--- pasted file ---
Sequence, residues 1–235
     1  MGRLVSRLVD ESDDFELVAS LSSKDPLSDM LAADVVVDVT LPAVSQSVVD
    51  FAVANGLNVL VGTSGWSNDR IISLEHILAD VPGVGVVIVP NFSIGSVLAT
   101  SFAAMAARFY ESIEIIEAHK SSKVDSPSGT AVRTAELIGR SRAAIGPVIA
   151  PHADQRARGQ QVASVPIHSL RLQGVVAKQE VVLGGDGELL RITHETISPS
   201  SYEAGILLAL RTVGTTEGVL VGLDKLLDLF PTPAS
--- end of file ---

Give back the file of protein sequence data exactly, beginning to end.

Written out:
Sequence, residues 1–235
     1  MGRLVSRLVD ESDDFELVAS LSSKDPLSDM LAADVVVDVT LPAVSQSVVD
    51  FAVANGLNVL VGTSGWSNDR IISLEHILAD VPGVGVVIVP NFSIGSVLAT
   101  SFAAMAARFY ESIEIIEAHK SSKVDSPSGT AVRTAELIGR SRAAIGPVIA
   151  PHADQRARGQ QVASVPIHSL RLQGVVAKQE VVLGGDGELL RITHETISPS
   201  SYEAGILLAL RTVGTTEGVL VGLDKLLDLF PTPAS